National Consumers League

How to make life harder for the hackers

breyault.jpgThis post appeared as a guest blog on the Family Online Safety Institute site on September 24, 2015.

It's easy to get discouraged about data security. With news of a new data breach practically every day -- often affecting thousands or even millions of consumers -- you may feel like throwing up your hands in frustration. Unfortunately, there’s no silver bullet when it comes to preventing the harm that stems from data breach incidents, but you can reduce your risk by getting educated and taking some fairly simple steps to better protect your personal information.

First, it’s important to understand that it’s practically impossible to 100% protect your personal information from cyberthieves. So, short of completely unplugging from the digital economy, what’s a consumer to do? Here are five simple steps that YOU can take to make life harder for the hackers.

#1 - Don’t make life any easier than it needs to be for crooks

Keep your digital hygiene up to snuff. That means installing software updates, especially for your Web browser and operating system but also for your antivirus and other Internet-connected apps and programs. Cyberthieves know that many consumers don’t keep their software up to date, so they take advantage of known vulnerabilities to attack out-of-date computers.

#2 - Use strong, unique passwords

Cybercrooks count on consumers re-using the same email/password combination password across multiple websites. Because of this, if crooks hack the user data for one website, they quickly use those same email address + password combinations at other sites to try increase their access. You can help reduce this risk by using unique passwords at different websites. A password manager can be an invaluable tool in helping create strong, unique passwords without having to go through the hassle of trying to remember them all.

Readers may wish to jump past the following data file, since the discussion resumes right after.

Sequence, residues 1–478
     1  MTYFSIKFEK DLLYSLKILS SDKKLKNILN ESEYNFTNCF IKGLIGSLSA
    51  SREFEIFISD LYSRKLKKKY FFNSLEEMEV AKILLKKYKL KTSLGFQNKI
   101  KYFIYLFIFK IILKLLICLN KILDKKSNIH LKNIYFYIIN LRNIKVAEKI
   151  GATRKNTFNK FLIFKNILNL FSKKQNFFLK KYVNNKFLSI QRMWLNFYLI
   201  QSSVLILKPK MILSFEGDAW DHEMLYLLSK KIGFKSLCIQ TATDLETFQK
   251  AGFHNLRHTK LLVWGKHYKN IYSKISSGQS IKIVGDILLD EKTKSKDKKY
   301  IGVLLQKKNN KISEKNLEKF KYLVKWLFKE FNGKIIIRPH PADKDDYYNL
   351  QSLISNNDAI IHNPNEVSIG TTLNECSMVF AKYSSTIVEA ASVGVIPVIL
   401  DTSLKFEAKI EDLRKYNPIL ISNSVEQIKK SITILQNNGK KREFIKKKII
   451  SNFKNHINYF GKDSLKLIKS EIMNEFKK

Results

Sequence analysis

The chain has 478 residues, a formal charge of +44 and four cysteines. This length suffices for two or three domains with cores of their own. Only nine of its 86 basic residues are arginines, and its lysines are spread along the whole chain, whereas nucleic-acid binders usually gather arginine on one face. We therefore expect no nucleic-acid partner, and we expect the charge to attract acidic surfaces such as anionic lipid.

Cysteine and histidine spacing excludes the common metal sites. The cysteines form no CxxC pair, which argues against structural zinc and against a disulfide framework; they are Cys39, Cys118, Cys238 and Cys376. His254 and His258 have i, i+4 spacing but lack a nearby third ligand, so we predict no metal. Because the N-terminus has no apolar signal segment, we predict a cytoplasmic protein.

#3 - Take advantage of multi-factor authentication, especially for your primary email account

With multi-factor authentication (also known as two-factor authentication, MFA or TFA), you’ll add an additional layer of defense. Instead of just needing an email address and password, crooks will need access to another device - usually your cell phone - in order to access your sensitive accounts. Many online services currently offer MFA (here’s a handy list), so be sure to take advantage of it, especially for your primary email service.

#4 - Check your credit report regularly

Even with the best online security, fraud can still happen. Make sure to pull your credit report regularly and dispute any suspicious activity, such as lines of credit being opened that you don’t recognize. By law, consumers can access their credit report for free once per year from each of the major credit reporting bureaus at https://www.annualcreditreport.com. You may also want to consider putting a fraud alert or even a credit freeze on your credit reports.

#5 - If you suspect identity theft, act quickly!

ID thieves can do immense damage to your credit, potentially costing you thousands of dollars in higher interest rates, lost job opportunities and delayed tax refunds (just to name a few potential harms). If you think that there’s something fishy with your credit report or you receive another warning of ID theft, take action sooner rather than later. The Federal Trade Commission has a great step by step guide for recovering from ID theft at www.identitytheft.gov.

BONUS - Get educated about other tools to help reduce your data security risk! - The National Consumers League is a proud partner of AT&T’s DigitalYou campaign. They offer great tips for protecting your privacy and security and useful tools for Internet newbies, young people, parents and  people with disabilities. Check it out!